The Cultural Afterlife of the Victorian Freak Show

The Cultural Afterlife of the Victorian Freak Show

The book ‘Neo-Victorian Freakery: The Cultural Afterlife of the Victorian Freak Show’, draws upon work from both freak studies and disability studies to address the issue of bodily difference in a series of nineteenth-century and neo-Victorian texts, an area that has drawn little critical attention in the field of neo-Victorian criticism to date.

‘The Demonology Of William Of Auvergne: By Fire And Sword’

‘The Demonology Of William Of Auvergne: By Fire And Sword’

In many later writings on these topics from the fourteenth and fifteenth-centuries, one finds his name cited as often as, if not more often than, that of his great slightly later contemporary Thomas Aquinas. Yet, while scholarship on Thomas Aquinas and this thought fills bookshelves, the bibliography on William of Auvergne is dramatically thinner. As Thomas B. De Mayo notes, the standard biography of William of Auvergne remains ‘Guillaume d’Auvergne, évêque de Paris (1228–1249): Sa vie et ses ouvrages,’ published in 1880. He receives thirty-five pages in Lynn Thorndike Born’s encyclopedic ‘History of Magic and Experimental Science’ (volume two, 1923), but Thomas B. De Mayo’s book is the first to provide a monographic study of his magical and demonological thought.

Owen Davies’ ‘Grimoires: A History of Magic Books’

Owen Davies’ ‘Grimoires: A History of Magic Books’

Owen Davies is quick to recognize that large areas of magical practice exist entirely in an oral culture. Yet one of the most important points he makes in this book is that “grimoires” are not just rare and expensive tomes available only to the elite, learned magicians. At least from the time of the printing revolution, magic books were making their way into the hands of simple cunning folk (the subject of a previous book by Owen Davies), and this trend only increased as time went on, culminating here in Owen Davies’ fascinating chapter on ‘“pulp magic.” So what is a grimoire, exactly? It does not have to be a long, complex, or erudite text, but neither can it be so simple as a single spell or written amulet. It is, rather, a compilation containing “conjurations and charms, [or] providing instructions on how to make magical objects such as protective amulets and talismans.” Yet not all magical books are grimoires.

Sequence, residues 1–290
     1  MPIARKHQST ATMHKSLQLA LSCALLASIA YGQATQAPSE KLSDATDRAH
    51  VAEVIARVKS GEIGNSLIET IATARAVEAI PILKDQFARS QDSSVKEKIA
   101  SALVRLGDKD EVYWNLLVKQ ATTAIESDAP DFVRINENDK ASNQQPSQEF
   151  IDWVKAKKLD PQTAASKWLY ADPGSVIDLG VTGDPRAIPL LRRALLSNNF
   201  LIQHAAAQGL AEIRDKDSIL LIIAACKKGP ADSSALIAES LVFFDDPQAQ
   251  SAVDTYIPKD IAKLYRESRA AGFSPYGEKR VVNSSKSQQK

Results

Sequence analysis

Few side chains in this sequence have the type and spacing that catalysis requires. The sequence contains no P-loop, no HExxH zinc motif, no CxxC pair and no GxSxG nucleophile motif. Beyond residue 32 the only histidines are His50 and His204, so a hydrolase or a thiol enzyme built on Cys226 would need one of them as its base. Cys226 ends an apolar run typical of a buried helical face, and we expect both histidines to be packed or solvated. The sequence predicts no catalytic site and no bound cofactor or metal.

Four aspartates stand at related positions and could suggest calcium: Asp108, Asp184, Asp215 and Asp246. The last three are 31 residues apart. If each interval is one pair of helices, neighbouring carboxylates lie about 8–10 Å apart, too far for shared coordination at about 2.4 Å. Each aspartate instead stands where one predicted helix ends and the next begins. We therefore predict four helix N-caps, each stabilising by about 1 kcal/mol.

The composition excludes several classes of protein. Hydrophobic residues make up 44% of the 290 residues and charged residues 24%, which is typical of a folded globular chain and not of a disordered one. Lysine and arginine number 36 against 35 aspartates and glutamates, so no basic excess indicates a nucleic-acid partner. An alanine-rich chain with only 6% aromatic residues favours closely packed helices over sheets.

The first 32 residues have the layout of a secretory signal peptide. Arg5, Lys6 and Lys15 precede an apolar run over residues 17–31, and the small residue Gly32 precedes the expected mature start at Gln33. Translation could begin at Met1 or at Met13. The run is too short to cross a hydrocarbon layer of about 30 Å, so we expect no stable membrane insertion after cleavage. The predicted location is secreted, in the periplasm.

A Review Of ‘Alan Moore and the Gothic Tradition’ Book

A Review Of ‘Alan Moore and the Gothic Tradition’ Book

Alan Moore and the Gothic Tradition is a collection that delves into the dark corners of the author’s works and offers fourteen reflections that benefit the field of Gothic, comic books and post-structuralist studies altogether. Each of the book’s four parts — which respectively cover the themes of politics, tropes, inheritance and occult — goes one step further down into Alan Moore’s realm, where self-reflexivity and iconoclast attempts to perturb generic conventions become the norm.